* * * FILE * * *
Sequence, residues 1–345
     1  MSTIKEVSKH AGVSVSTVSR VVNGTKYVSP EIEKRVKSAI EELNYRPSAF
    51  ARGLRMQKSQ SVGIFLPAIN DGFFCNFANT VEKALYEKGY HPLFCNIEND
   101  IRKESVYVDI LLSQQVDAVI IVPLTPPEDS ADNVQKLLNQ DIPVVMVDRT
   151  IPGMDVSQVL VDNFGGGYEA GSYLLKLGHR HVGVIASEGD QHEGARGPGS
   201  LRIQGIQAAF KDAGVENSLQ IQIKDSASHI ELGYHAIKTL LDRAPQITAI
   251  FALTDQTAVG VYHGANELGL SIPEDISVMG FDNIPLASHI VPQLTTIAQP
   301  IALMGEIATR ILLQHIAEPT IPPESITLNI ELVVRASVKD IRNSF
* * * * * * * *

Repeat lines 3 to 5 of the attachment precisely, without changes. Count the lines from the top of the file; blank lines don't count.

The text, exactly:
    51  ARGLRMQKSQ SVGIFLPAIN DGFFCNFANT VEKALYEKGY HPLFCNIEND
   101  IRKESVYVDI LLSQQVDAVI IVPLTPPEDS ADNVQKLLNQ DIPVVMVDRT
   151  IPGMDVSQVL VDNFGGGYEA GSYLLKLGHR HVGVIASEGD QHEGARGPGS